Megatraumas: America at the Year 2000, by Richard D. Lamm. Boston: Houghton Mifflin. 290 pp. $16.95. Colorado's governor, Democrat Richard Lamm, warns that our long-term problems are being ignored: The United States is a ``nation in liquidation'' heading into ``an era of multiple traumas.'' The bulk of this choppy but important book is devoted to a m'elange of imaginary memos and speeches prepared in the year 2000 to assist United States President Susan J. Hesperus (i.e., ``evening star'') on such topics as the overvalued dollar, lack of investment in new plants and equipment, too much technology in health care, the need to close US borders to immigrants, rising rates of violence and teen-age pregnancy, 19 percent unemployment, and the poisoning of America by toxic and hazardous wastes. The last third of the book is devoted to a more positive scenario, showing how President Martin Morgenstern (i.e., ``morning star''), elected in 1992, balanced the federal budget, sold the idea of ``shared sacrifice'' to the American people, reformed the tax code, instituted means-testing of all ``entitlements,'' and applied broader ``systems thinking'' to the problems of defense spending and health care. All are tough decisions, but who has a better alternative? Hunger in America: The Growing Epidemic, by the Physician Task Force on Hunger in America. Middletown, Conn.: Wesleyan University Press. 231 pp. $16.96 cloth. $8.95 paper.
After talking with hungry people and those who feed them, doctors from this task force estimated that up to 20 million Americans -- about 8 percent of the population -- may experience serious hunger for at least some period of time each month. The problem appears to be growing, although it is still not as extensive as two decades ago, before expansion of federal nutrition programs. But these programs do not reach far enough, and many citizens get no help because of ``mean-spirited bureaucratic practices.'' The task force, directed by J. Larry Brown of the Harvard School of Public Health, proposes emergency legislation, including more food stamp benefits and meals programs for the elderly, and fewer food stamp restrictions that exclude the working poor. Suggested long-term measures include a permanent and independent body to monitor the nutritional status of Americans, quarterly reports on progress in ending hunger, and a bipartisan commission to recommend legislative changes. An Environmental Agenda for the Future, by John H. Adams et al. Washington: Island Press. 155 pp. $5.95 paper.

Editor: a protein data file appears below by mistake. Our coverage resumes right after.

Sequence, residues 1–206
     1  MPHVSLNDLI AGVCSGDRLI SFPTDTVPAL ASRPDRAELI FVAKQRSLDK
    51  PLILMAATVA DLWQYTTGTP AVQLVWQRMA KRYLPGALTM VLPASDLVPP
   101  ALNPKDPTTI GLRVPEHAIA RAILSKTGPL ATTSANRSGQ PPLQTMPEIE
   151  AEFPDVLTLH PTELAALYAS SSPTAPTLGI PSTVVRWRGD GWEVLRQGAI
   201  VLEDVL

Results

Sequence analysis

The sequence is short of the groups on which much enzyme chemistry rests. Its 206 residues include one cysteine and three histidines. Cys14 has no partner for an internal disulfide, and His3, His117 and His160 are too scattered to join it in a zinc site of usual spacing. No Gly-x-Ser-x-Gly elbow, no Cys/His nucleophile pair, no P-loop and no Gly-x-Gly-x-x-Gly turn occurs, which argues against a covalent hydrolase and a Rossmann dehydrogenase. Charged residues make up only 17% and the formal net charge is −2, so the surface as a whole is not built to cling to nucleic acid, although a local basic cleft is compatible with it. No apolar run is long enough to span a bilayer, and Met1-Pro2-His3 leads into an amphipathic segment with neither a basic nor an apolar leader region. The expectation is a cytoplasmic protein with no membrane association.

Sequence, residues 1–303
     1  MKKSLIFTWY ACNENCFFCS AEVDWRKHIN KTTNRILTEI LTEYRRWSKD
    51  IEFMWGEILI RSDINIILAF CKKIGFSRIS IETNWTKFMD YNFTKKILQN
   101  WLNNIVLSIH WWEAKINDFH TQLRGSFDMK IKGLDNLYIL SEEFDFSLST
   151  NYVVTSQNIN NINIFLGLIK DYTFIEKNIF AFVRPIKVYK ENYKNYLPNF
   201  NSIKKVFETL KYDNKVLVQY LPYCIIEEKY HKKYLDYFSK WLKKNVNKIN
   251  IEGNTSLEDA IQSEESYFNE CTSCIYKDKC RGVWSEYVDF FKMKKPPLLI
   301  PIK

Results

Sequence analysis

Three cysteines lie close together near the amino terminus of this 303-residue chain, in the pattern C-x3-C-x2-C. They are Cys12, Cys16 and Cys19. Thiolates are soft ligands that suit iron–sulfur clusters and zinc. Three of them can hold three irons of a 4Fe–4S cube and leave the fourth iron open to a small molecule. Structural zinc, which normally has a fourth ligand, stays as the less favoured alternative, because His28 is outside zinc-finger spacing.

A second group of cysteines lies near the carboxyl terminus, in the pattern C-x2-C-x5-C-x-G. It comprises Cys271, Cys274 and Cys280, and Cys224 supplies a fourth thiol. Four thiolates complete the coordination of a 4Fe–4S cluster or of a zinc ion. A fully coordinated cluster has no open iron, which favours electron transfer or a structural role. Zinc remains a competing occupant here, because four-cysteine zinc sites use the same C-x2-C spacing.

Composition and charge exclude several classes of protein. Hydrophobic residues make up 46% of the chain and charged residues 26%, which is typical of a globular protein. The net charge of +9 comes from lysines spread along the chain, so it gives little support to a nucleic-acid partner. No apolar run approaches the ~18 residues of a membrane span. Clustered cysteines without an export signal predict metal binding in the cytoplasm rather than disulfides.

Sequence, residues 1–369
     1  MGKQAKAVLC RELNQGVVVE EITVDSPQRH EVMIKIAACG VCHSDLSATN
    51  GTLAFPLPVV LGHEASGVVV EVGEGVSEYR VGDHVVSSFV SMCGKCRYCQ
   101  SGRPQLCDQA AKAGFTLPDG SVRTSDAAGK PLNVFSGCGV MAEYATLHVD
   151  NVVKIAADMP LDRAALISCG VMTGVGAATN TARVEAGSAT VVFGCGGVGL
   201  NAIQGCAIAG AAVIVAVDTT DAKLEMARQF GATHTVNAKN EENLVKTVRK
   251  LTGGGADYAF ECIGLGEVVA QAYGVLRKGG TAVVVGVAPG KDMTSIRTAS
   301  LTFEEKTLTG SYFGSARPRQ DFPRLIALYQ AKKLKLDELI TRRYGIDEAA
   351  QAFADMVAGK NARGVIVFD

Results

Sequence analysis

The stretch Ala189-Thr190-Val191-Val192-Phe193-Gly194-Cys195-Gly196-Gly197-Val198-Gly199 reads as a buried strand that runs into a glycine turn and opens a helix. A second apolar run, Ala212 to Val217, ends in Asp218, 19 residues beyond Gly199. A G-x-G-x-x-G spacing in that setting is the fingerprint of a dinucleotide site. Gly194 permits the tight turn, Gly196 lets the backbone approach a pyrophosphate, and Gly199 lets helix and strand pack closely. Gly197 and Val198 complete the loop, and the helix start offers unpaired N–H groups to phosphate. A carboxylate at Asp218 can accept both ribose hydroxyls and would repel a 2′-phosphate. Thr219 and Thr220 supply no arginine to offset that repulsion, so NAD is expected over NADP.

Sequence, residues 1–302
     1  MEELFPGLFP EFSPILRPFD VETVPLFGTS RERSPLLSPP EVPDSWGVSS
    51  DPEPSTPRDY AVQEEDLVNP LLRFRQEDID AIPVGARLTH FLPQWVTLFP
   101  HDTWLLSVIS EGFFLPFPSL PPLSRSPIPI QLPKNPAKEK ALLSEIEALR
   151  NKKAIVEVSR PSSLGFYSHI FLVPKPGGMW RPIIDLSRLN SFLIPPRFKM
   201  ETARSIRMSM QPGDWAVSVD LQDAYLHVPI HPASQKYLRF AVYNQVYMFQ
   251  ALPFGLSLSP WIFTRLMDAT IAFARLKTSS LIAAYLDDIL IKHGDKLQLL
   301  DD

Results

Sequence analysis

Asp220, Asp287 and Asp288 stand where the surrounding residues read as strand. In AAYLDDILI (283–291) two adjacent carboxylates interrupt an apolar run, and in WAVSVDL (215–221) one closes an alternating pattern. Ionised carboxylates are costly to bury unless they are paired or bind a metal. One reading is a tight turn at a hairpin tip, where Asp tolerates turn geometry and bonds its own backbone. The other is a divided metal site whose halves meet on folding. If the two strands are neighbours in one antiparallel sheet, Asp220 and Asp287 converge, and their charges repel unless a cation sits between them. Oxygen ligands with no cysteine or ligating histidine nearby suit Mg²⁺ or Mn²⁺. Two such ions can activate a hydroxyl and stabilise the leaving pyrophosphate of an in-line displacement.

Congress has passed a multitude of environmental laws, but compliance and enforcement are still spotty, and the regulations often do not deal with root causes. ``Environmental Agenda,'' a two-year project sponsored by the chief executives of 10 major environmental organizations, examines such concerns as the environmental dangers of producing nuclear weapons, world population growth, threats to biological diversity, soil erosion, and pollution of urban areas. The agenda stresses that the best solution to US and world energy problems is the ``soft energy path,'' which emphasizes greater efficiency and more use of renewable resources. The same strategy holds for water: improving management of existing water projects and economical water use. A more effective Safe Drinking Water Act is needed, and the toxic-waste Superfund should be strengthened. Above all, the agenda concludes, the government needs to strengthen its ability to discern long-term global trends. The Nuclear Waste Primer: A Handbook for Citizens, by the League of Women Voters Education Fund. New York: Nick Lyons Books. 99 pp. $5.95 paper.
The vexing issue of managing nuclear waste got little attention from policymakers in the first three decades of the nuclear era. After some false starts, Congress passed two major pieces of legislation in 1980 and 1982, but these laws do not provide answers to all of the social and technical questions involved. This guidebook briefly and competently describes the sources of nuclear waste, the nature of radiation hazards, waste management, what other countries are doing, and what US citizens can do at state and national levels to help shape an effective and equitable nuclear waste policy. Also see a similar citizens' guide on the broad issue of toxic waste: The Health Detective's Handbook: A Guide to the Investigation of Environmental Health Hazards by Nonprofessionals, edited by Marvin S. Legator et al. Baltimore: Johns Hopkins University Press. 256 pp. $27.50 cloth. $12.95 paper. Heavy Losses: The Dangerous Decline of American Defense, by James Coates and Michael Killian. New York: Viking. 430 pp. $22.95.
As suggested by the title of this well-researched survey by two veteran Washington journalists, US defense is both dangerously costly and dangerously weak. It lacks any clear strategy; spending methods are wasteful; and increasing reliance on nuclear weapons makes their use more likely. Aside from these controversial conclusions, the strength of this highly readable book is a fascinating tour of the major elements related to military matters, including the US Defense Department, Soviet military policy (the engine that drives US policy), advisers to the President, relations with Congress, interservice rivalry, the procurement elite, military personnel and their contractors, the antimilitary lobby, the Pentagon press corps, and the Congressional Military Reform Caucus -- depicted as America's best hope for intelligent change.